For instance, let us consider Sheryl Weinstein in the Bernie Madoff Case (Velasquez, 2001). Bernie Madoff’s Ponzi scheme was a disaster. His original idea was to manoeuvre complicated financial businesses and he sought money from investors with this in mind. After a few early losses when his business wasn’t growing, he started borrowing money from new investors and channelling them to the old investors claiming that it was through the success of his manoeuvre. In this case he temporarily lied for the overall good of everybody. His intention was to succeed and get all the money back but it didn’t happen and he had to eventually go to jail. In a utilitarian point of view this was justified. But if he had followed deontology and said only the truth, it could have saved him from going to jail even though he would have been left with nothing.

This is where categorical imperative comes into the picture and acts on the rule that the actions of a person should be in such a way that it can be universalized. Considering the universal rule that lying is not acceptable, Sheryl Weinstein should not lie about her twenty year affair with Madoff. But the best action in this case would be to either lie or hide the truth either of which is not acceptable according to deontology. The truth in this case causes only defamation. The problem with this theory basically is that it sounds good in theory but it is really difficult when it comes to applying it for practical purposes.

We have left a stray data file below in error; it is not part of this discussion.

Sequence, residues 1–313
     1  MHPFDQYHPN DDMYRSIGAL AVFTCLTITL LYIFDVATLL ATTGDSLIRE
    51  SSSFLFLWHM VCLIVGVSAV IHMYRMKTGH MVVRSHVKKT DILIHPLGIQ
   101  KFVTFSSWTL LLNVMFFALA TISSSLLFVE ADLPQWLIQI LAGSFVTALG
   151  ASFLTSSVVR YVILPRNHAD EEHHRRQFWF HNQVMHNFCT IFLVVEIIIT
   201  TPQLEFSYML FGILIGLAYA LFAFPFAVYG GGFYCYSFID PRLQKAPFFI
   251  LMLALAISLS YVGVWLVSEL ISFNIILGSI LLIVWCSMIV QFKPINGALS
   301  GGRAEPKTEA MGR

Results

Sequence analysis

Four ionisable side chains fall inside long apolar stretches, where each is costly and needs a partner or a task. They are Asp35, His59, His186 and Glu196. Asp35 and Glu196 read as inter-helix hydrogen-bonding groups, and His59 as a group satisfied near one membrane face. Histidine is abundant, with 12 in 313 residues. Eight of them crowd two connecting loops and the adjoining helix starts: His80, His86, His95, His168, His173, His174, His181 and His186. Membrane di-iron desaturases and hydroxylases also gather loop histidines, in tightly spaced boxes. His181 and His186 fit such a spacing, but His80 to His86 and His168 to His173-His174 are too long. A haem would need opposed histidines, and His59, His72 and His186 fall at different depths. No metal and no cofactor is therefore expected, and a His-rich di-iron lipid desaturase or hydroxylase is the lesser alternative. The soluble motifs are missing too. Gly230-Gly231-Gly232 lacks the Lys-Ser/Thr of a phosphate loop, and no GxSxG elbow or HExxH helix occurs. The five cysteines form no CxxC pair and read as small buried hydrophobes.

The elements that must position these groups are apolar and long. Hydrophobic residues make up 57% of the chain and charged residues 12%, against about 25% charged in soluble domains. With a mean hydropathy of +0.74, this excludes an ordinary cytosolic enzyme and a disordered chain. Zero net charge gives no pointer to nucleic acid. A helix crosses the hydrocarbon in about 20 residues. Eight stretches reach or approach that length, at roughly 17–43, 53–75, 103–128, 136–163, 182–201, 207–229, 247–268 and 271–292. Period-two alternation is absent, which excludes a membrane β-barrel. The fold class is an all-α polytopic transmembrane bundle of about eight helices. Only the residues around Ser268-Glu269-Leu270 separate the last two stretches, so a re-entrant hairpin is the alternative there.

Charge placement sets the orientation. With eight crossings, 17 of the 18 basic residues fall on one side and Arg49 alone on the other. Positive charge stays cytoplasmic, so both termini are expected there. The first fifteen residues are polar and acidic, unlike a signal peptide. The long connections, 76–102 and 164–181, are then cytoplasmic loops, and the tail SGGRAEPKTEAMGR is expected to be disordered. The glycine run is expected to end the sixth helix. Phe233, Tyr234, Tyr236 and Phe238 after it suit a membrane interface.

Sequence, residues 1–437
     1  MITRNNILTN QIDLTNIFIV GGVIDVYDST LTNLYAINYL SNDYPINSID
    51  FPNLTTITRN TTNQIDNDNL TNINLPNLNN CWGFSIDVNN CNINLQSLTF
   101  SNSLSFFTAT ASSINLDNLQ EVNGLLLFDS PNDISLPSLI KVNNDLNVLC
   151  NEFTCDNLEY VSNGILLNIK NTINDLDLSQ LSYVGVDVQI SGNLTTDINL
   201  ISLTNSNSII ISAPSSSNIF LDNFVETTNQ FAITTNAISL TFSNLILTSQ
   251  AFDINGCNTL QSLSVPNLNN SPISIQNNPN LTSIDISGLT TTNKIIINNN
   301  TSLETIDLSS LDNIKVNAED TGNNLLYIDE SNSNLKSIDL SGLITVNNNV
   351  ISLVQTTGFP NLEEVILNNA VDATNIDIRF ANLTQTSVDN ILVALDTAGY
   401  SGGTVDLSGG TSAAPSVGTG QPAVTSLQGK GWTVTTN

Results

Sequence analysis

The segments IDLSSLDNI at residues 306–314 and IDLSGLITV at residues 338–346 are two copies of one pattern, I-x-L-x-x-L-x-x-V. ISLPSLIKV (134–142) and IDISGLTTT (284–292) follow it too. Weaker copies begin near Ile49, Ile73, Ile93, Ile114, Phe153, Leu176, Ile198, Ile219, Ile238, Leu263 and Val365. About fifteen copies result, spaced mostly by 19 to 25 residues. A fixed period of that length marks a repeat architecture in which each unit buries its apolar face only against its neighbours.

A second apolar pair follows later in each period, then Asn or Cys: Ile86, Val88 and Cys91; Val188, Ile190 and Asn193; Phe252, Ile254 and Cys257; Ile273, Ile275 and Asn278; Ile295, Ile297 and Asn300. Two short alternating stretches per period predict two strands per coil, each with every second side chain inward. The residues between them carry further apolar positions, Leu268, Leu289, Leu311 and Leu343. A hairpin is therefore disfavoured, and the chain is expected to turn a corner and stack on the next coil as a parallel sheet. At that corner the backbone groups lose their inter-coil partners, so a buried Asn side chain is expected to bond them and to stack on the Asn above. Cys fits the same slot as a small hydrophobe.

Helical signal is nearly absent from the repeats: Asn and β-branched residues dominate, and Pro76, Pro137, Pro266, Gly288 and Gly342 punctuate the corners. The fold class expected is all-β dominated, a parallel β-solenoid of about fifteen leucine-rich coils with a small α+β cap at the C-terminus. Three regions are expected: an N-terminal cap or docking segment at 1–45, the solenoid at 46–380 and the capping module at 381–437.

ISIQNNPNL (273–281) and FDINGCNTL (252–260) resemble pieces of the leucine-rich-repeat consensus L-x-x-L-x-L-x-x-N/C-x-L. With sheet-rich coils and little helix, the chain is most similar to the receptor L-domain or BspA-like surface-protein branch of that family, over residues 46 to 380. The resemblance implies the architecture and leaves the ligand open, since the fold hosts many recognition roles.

For instance, in case of Eddy Lepp, medical marijuana grower in Northern California, he had license from the California regulators but the Federal agencies forbid the growth of the drug. This drug has soothing effects for nausea and remedied vomiting in case of cancer patients undergoing chemotherapy (Brusseau, 2014). On the negative side, his action was breaking the law but the positive outcome was a large number of patients benefitted from the drug. If according to deontology the means justify the ends, the moral thing to do is to accept the truth and not lie. If ends should justify the means, then the morals change.

In the debate between utilitarian versus deontological moral actions and judgements, sometimes, actions leading to maximum utility are morally impermissible (like the Ford Pinto case). Sometimes, adhering to moral values to do the right thing instead of making a mistake is morally required while sometimes it is necessary to consider the result of a morally right action. Therefore, there is no one business ethics. But when applying these ethics to business it is to be noted that it is important to perform only those actions that will result positively for the business. Doing something because it is morally right even though you know that it will reflect badly on the business is stupidity.